Former North Fork Bank headquarters sold

08/06/2014 4:00 PM |
The former North Fork and Capital One bank building in Mattituck. (Credit: Carrie Miller)

The former North Fork and Capital One bank building in Mattituck. (Credit: Carrie Miller)

The former Capital One bank operations center on Main Road has been sold.

But the buyer has not yet been publicly identified, the property’s real estate broker confirmed Wednesday.

The roughly 8-acre property at 9025 Main Road in Mattituck was sold after an online auction ended last Wednesday, said Samuel Clark of the Manhattan firm Cushman and Wakefield.

Mr. Clark — who has represented the property for the past seven months — said he couldn’t discuss the sales price or the buyer of the property since the transaction has not yet closed.

“Everything’s been signed; we just need to go through the closing process,” Mr. Clark said. “We need to dot the i’s and cross the t’s.”

According to a representative from Auction.com, which handled the auction, the property’s starting bid was set at $600,000 but did not meet its reserve to sell during the auction. The property was sold in a “re-capture,” a transaction offer that occurred outside of the auction itself, the representative said.

Southold Town Supervisor Scott Russell said Wednesday he hadn’t heard the property sold, but said the town doesn’t want to see the property used as retail space.

“We want to make sure it remains an office space,” Mr. Russell said. “The difficulty of it is that it’s pretty large for Southold Town.”

The building originally housed a supermarket after it was bought in a foreclosure by Alan Cardinale in November 1982 for $175,000, said town assessor Kevin Webster.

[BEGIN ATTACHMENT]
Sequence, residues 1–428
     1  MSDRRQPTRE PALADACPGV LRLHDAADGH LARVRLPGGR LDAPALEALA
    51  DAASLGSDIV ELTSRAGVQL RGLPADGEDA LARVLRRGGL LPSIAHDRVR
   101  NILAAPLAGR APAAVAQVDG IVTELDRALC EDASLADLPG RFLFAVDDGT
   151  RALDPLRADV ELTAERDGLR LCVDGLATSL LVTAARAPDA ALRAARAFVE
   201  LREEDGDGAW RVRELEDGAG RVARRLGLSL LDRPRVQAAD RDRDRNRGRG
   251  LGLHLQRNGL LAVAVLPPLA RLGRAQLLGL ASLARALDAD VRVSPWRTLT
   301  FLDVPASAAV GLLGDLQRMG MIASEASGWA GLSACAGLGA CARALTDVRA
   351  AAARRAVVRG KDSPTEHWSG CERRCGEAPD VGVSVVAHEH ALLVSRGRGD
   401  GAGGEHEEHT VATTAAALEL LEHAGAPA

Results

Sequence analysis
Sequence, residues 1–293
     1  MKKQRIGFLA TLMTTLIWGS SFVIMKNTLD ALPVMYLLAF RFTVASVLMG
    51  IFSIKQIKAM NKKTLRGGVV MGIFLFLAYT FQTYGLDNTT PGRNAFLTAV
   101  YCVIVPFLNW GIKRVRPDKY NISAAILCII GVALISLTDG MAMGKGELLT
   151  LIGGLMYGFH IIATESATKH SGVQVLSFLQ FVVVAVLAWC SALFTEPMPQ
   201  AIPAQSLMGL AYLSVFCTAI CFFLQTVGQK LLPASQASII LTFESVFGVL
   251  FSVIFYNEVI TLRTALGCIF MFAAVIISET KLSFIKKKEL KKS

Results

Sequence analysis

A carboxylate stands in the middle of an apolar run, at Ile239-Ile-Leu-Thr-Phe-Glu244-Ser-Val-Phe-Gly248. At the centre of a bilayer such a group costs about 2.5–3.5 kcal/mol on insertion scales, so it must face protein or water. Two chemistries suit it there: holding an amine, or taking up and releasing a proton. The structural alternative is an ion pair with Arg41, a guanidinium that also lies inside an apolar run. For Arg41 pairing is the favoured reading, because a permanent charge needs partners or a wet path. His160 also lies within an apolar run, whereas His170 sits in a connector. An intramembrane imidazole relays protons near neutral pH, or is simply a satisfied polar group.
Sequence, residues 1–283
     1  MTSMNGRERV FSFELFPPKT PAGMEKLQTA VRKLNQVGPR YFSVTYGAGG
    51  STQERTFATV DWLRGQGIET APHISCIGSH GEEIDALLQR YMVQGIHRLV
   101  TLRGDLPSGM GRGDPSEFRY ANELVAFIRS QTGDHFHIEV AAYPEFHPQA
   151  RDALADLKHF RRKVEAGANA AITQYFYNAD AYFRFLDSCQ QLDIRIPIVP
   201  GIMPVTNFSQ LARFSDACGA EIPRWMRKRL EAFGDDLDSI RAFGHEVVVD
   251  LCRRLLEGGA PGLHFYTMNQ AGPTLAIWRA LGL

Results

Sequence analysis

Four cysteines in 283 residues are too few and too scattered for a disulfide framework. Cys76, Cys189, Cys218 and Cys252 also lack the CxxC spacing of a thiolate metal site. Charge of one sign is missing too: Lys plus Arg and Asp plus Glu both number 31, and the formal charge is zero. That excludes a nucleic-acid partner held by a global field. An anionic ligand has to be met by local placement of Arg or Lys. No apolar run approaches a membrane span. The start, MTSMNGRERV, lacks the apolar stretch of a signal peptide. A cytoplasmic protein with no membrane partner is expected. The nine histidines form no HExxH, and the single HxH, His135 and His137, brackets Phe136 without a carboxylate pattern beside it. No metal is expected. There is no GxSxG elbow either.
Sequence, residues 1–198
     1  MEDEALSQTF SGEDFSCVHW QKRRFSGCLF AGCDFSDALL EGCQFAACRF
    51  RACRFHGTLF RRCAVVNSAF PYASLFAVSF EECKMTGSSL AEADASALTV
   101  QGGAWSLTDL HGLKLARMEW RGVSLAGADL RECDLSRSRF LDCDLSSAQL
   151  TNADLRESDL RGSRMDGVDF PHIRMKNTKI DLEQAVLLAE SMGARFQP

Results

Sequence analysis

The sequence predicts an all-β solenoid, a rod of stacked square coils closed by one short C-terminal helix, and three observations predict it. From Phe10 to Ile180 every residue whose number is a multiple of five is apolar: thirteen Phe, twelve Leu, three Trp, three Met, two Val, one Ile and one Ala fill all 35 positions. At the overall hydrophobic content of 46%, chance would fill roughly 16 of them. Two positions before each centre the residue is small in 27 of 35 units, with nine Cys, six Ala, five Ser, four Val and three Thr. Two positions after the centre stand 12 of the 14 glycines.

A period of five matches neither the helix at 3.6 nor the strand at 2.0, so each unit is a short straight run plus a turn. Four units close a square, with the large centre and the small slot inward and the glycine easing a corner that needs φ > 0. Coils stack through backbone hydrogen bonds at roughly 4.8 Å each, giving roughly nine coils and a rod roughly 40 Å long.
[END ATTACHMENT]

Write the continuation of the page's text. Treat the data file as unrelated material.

Two years later, Mr. Cardinale sold the property to North Fork Bancorp for $975,000, according to town property records. The building served as the headquarters for North Fork Bank, which expanded and renovated the building in 1999 and 2003.

In 2006, Capital One acquired North Fork Bank for $13.2 billion and repurposed the 73,000-square-foot building as a Capital One call center.

At the time of the Capital One takeover, then-North Fork Bank president John Kanas said none of the bank’s 350 Mattituck employees would lose their jobs, according to previous news reports.

But in August 2011, Capital One Bank chose to consolidate a majority of its back-office work in Mattituck to Richmond, Va., and Melville. The call center was closed and about 135 people were fired that year, with roughly 65 more employees laid off in 2012.

The building was put on the market in 2013.

The listing came as Capital One sought to unload properties in other markets, such as the half-million square feet of office space for sale in a Chicago office complex, according to a news story in Crain’s Chicago Business, an industry newspaper. That deal was also handled by Cushman and Wakefield.

Tax assessor records show the property has a full market value of $10,683,000 with an assessed value of $124,995.

At the time of the initial listing in 2013, Southold Town administrators said they were working with Suffolk County to find the “right fit” for the property, one that would reflect the area and support the local job market.

On Wednesday, Mr. Russell said Mr. Cardinale had acquired an easement on the property when he sold it to North Fork Bank that restricts the property’s owner from using the space for anything other than office space.

Only Mr. Cardinale could retire that easement if he repurchased the property, Mr. Russell said. In that instance, the property would only require site plan approval from the town to house retail space again.

Mr. Cardinale could not immediately be reached for comment Wednesday afternoon.

Local real estate agency manager and North Fork Promotion Council president Joan Bischoff van Heemskerck called the office building a “large and unusual space” for the area, which makes it difficult to predict what the new owners may use it for.

“I’m not sure you can keep that building,” he said. “If you could do something that would benefit the community and create some jobs that’d be great, but I don’t know. At this point we’ll have to see who bought it and what they want to do with it.”

Comments

comments